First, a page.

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LINQ to SQL and alternate Providers


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I’ve tried an interesting experiment today trying to see if I can get LINQ to SQL to run with a custom ADO.NET Data Provider I’ve created some time ago. Basically I implemented a provider that is a proxy to a remote Web  ‘service’ that can marshal SQL commands via Web Requests on a remote server. I implemented a custom provider for this interface that ships XML across the wire and marshals raw SQL commands to the Web server to process. It works well using plain ADO.NET and my own internal business layer.

The provider uses SQL Server syntax since all it’s really doing is marshalling commands to the server via XML, but the raw syntax of commands is still full SQL Server T-SQL dialect. So I started thinking why shouldn’t I be able to use this provider with LINQ to SQL since the SQL it generates should still work with this provider – no dialect problems here. 

The dialect is important though since LINQ to SQL is SQL Server specific. I’m not sure what logic it actually uses to figure out which provider it’s dealing with (it officially supports SQL 2005, Sql 2008 and Sql Compact), but I suspect the default is SQL 2005, which is likely what’s being used with my provider. Either way – the following will only work if you have a provider that’s highly SQL Server T-SQL compatible . If the provider is some other database that isn’t closely TSQL compatible (like Oracle, MySql etc.) this approach won’t work, so this is not a general purpose solution.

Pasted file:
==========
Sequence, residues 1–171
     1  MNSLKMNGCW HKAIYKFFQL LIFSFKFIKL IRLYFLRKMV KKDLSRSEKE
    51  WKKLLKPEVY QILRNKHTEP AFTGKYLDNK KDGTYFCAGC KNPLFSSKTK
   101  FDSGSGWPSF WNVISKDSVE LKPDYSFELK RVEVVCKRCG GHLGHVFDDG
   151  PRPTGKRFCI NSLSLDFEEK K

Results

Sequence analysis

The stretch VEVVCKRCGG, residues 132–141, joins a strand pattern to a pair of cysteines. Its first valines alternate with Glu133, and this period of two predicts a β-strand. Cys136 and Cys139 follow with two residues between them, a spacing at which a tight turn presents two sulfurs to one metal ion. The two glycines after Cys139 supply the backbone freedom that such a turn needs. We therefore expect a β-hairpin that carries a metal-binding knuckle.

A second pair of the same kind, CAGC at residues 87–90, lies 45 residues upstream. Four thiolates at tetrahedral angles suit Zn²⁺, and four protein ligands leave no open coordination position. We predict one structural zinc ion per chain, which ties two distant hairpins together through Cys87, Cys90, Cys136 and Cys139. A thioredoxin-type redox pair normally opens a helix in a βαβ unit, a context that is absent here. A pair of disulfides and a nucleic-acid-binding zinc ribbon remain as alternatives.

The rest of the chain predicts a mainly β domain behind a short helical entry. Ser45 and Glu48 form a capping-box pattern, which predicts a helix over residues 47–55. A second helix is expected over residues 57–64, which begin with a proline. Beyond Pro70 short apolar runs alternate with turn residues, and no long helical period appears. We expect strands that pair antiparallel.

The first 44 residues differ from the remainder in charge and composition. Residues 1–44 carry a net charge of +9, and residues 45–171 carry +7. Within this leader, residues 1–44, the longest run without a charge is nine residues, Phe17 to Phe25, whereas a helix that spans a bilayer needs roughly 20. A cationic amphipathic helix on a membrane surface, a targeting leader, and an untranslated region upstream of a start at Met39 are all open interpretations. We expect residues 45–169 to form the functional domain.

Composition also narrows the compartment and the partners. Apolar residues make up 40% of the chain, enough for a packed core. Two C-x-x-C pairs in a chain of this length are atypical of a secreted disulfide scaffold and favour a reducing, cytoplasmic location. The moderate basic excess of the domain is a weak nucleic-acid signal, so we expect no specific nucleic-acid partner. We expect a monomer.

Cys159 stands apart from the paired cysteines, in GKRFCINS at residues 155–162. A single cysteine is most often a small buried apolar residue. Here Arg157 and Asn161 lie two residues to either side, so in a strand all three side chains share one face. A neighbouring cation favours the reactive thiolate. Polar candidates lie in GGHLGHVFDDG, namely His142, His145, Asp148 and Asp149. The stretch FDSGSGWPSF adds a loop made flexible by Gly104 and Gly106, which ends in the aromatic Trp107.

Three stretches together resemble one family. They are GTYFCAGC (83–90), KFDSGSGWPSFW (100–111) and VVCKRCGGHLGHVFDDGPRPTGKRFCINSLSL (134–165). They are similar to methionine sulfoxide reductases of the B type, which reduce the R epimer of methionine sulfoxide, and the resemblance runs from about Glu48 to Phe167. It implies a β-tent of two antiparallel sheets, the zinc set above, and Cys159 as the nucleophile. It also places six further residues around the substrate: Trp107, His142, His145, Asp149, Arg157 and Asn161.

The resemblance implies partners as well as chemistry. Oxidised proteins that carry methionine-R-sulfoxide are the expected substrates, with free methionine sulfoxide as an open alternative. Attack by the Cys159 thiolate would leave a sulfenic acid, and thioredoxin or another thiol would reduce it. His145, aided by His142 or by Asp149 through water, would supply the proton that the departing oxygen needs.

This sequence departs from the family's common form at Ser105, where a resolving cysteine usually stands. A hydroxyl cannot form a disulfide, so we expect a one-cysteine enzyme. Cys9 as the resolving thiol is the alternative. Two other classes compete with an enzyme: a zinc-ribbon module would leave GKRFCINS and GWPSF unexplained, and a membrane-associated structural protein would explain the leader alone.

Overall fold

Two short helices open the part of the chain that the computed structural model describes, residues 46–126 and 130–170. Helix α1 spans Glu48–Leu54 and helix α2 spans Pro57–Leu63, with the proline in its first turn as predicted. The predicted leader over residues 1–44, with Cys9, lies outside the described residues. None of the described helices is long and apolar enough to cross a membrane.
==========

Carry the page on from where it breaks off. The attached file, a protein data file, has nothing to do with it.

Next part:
After an evening of mucking around with this I was able to get LINQ to SQL to work with my custom provider. The process involved is actually quite simple, although it’s not real obvious to discover. LINQ to SQL doesn’t have any explicit support for plugging in new providers (unfortunately) however, you CAN pass it an instance of a Connection object like this:

WebRequestConnection conn = new WebRequestConnection();  // my custom provider’s Connection class
conn.ConnectionString = "Data Source=http://rasnote/PraWeb/DataService.ashx;uid=ricks;pwd=secret";   // this.connectionString         
TimeTrakkerDataContext context = new TimeTrakkerDataContext(conn);  

Here I create an instance of my custom provider’s  WebRequestConnection() class, set its connection string and pass it to the constructor of the DataContext. And lo and behold – assuming your provider is compatible with SQL syntax and implements the DbProvider classes properly LINQ to SQL works using the custom provider.

I haven’t done any extensive checking, but running through a number of my small apps I’ve been able to simply plug in the Web ADO.NET provider and the apps work so far. My ADO.NET provider implementation is pretty bare bones. Because it’s disconnected for example it doesn’t support Transactions, but for the applications that I will be using this for this won’t be a problem since the app deals with simple atomic updates.